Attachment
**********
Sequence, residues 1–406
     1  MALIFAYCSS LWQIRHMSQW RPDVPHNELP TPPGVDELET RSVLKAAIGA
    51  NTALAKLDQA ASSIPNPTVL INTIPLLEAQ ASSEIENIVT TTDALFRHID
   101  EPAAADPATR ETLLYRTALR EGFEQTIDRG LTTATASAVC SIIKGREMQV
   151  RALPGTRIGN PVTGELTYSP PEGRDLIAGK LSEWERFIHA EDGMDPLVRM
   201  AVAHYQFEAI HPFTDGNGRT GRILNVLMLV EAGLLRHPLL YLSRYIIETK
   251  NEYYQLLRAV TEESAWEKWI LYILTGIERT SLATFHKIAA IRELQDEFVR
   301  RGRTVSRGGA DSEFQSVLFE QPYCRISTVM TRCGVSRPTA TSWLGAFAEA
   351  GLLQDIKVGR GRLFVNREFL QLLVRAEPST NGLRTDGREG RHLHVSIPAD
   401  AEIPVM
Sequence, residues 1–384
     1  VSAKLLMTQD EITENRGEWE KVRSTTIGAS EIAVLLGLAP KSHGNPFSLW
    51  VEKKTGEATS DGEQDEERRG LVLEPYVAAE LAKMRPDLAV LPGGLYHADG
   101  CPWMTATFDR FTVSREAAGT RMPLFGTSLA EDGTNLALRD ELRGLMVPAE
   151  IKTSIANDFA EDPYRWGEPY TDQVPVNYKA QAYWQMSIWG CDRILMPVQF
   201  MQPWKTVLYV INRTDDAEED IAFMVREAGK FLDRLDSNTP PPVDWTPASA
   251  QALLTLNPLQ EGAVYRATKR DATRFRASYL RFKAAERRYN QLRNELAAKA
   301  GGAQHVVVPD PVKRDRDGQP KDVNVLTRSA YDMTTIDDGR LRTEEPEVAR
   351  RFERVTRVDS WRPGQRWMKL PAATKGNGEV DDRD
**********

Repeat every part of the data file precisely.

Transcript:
Sequence, residues 1–406
     1  MALIFAYCSS LWQIRHMSQW RPDVPHNELP TPPGVDELET RSVLKAAIGA
    51  NTALAKLDQA ASSIPNPTVL INTIPLLEAQ ASSEIENIVT TTDALFRHID
   101  EPAAADPATR ETLLYRTALR EGFEQTIDRG LTTATASAVC SIIKGREMQV
   151  RALPGTRIGN PVTGELTYSP PEGRDLIAGK LSEWERFIHA EDGMDPLVRM
   201  AVAHYQFEAI HPFTDGNGRT GRILNVLMLV EAGLLRHPLL YLSRYIIETK
   251  NEYYQLLRAV TEESAWEKWI LYILTGIERT SLATFHKIAA IRELQDEFVR
   301  RGRTVSRGGA DSEFQSVLFE QPYCRISTVM TRCGVSRPTA TSWLGAFAEA
   351  GLLQDIKVGR GRLFVNREFL QLLVRAEPST NGLRTDGREG RHLHVSIPAD
   401  AEIPVM
Sequence, residues 1–384
     1  VSAKLLMTQD EITENRGEWE KVRSTTIGAS EIAVLLGLAP KSHGNPFSLW
    51  VEKKTGEATS DGEQDEERRG LVLEPYVAAE LAKMRPDLAV LPGGLYHADG
   101  CPWMTATFDR FTVSREAAGT RMPLFGTSLA EDGTNLALRD ELRGLMVPAE
   151  IKTSIANDFA EDPYRWGEPY TDQVPVNYKA QAYWQMSIWG CDRILMPVQF
   201  MQPWKTVLYV INRTDDAEED IAFMVREAGK FLDRLDSNTP PPVDWTPASA
   251  QALLTLNPLQ EGAVYRATKR DATRFRASYL RFKAAERRYN QLRNELAAKA
   301  GGAQHVVVPD PVKRDRDGQP KDVNVLTRSA YDMTTIDDGR LRTEEPEVAR
   351  RFERVTRVDS WRPGQRWMKL PAATKGNGEV DDRD